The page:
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Henry Morton Stanley, Dorothy Stanley, The Autobiography of Sir Henry Morton Stanley, part 1.4, chapter 1.5 (search)
f unusual intelligence, and, calling one up to him, felt his head and his temples, and then turned round to Francis, and declared, in our acute hearing, that he felt assured that boy would be a prodigy of learning if he went on. Our parson--Mr. Smalley, of Cwm — unbent one day to examine us on Scripture History, and one boy so astonished him by his wonderful memory, and quick and correct answers, that he exclaimed, Why, Francis, you have quite a young Erasmus here. The famous Hicks Owen, I took to copying them, and in a few months had acquired such excellence that my reputation spread wide in our circle. Francis affected to believe that I was destined for a limner. The Bishop rewarded me with a Bible bearing his autograph. Miss Smalley, of Cwm, presented me with a drawing-book and pencils, and I was introduced to a number of notabilities around as the artist of the school. Other small accomplishments tended to bring me into prominence. My recitations were much admired. On
Henry Morton Stanley, Dorothy Stanley, The Autobiography of Sir Henry Morton Stanley, part 2.13, chapter 2.31 (search)
ll places that the eye of Heaven visits are ports and happy havens. Yet I sympathise still with that belief of my youth, that Wales, being my native-land, possessed for me superior charms to any other. Had I seen no other wondrous lands, met no other men and women with whom I could sympathise, it is probable that I should have retained the belief that Wales was the finest country in the world, and the Welsh people the best. I used to believe the Bishop was the holiest man living; the Rev. Mr. Smalley, of Cwm, the biggest man; Sam Ellis, of Llanbach, the strongest man; Hicks Owen, the finest preacher; my cousin Moses, the most scholarly; the Vale of Clwyd, the prettiest; Liverpool, the biggest and most populous town; and the Welsh people, the superior of any in the whole world. Without any effort of mine, or anybody else's, to disabuse me of these illusions, I have seen hundreds just as holy as the Bishop, bigger men than the Cwm rector, stronger men than Sam Ellis, better preac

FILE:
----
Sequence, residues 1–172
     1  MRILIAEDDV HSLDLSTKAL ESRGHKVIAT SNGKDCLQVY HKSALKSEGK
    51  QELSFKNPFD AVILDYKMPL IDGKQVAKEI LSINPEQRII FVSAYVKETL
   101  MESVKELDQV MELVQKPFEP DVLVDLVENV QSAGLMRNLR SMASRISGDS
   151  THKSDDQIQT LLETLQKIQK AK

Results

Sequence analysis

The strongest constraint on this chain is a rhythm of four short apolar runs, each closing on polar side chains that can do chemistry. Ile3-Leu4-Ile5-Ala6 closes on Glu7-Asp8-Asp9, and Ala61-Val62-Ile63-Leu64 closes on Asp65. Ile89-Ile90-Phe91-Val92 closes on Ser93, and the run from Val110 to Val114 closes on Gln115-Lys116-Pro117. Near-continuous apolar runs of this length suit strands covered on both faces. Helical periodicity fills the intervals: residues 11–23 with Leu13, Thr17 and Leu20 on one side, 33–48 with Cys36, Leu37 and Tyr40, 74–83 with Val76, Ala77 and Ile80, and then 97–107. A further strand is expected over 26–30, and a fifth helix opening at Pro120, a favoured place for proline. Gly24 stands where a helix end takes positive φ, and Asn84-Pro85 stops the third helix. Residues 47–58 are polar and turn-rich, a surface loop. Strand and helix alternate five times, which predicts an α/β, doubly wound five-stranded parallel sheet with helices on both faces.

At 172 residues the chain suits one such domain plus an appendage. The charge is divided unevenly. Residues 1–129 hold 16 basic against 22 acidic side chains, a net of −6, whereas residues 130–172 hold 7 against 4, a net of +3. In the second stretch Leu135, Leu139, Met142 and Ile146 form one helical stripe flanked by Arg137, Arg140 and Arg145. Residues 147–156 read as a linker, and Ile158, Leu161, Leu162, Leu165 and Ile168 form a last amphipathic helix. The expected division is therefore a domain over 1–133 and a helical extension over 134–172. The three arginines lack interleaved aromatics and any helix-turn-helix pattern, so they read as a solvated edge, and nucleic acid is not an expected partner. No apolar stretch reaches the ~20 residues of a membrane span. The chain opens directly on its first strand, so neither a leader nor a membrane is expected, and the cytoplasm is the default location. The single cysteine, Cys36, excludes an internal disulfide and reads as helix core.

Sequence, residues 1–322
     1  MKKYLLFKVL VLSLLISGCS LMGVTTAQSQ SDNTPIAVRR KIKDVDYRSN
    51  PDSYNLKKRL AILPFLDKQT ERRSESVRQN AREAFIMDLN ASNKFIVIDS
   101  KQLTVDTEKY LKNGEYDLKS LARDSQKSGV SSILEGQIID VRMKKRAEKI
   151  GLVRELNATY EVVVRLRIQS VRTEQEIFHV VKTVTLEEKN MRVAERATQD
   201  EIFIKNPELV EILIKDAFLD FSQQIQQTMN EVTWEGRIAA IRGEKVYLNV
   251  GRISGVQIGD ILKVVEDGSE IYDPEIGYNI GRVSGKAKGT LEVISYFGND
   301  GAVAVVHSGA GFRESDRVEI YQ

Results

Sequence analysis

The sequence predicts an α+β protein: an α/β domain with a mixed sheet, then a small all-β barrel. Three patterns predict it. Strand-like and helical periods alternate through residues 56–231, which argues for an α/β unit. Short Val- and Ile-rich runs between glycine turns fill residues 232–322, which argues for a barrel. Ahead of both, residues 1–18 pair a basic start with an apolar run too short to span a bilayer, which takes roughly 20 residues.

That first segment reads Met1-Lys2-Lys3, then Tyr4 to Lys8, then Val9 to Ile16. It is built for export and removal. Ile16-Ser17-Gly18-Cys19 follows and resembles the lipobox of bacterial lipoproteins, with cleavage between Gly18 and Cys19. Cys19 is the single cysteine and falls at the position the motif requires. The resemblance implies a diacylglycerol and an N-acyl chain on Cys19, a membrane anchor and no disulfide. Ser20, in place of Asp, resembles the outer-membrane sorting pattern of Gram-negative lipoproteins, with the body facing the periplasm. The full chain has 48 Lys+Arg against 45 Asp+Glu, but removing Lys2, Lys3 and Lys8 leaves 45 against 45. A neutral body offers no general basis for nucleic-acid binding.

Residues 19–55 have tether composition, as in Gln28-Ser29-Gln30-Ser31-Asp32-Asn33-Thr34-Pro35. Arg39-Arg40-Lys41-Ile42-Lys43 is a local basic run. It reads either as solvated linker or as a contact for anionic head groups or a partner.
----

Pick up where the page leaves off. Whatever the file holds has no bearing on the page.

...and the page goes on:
Henry Morton Stanley, Dorothy Stanley, The Autobiography of Sir Henry Morton Stanley, part 2.13, Index (search)
isbury, Lord, accuses Stanley of having interests in Africa, 408; as an orator, 445, 446, 465. Sandford, General, 338. Saragossa, fighting at, 241-243. Saunderson, Colonel, 489. Scheabeddin, quoted, 371. Schnitzer, Edouard. See Emin Pasha. Seton-Karr, Mr., 474. Sherman, General W. T., 226, 227, 426. Shiloh, 186-204. Shipman, Mr., 205, 206, 212, 213. Short, Bishop, Vowler, 17, 30. Slate, James M., 169, 180, 204. Slave-trade in Africa, 344, 407, 413, 419-422, 457. Smalley, Mr., 17. Smith, Parker, 478, 480. Smith, Captain S. G., 165, 168, 188, 189. Socialism, thoughts on, 530. Soldiering, 167-215. Solomon's Throne, 248. Soul and mind, thoughts on, 521, 522. Spain, Stanley in, 240-244. Speake, James, 89, 102-105, 121. Speake, Mrs., 105, 106. Speke, Mr., 435, 462. Stairs, Lieutenant, 354, 360, 381, 390. Stanley, Denzil, Stanley's son, 483, 485, 486. Stanley, Henry Morton, his progenitors, 3, 4; dawn of consciousness, 4; earliest recollecti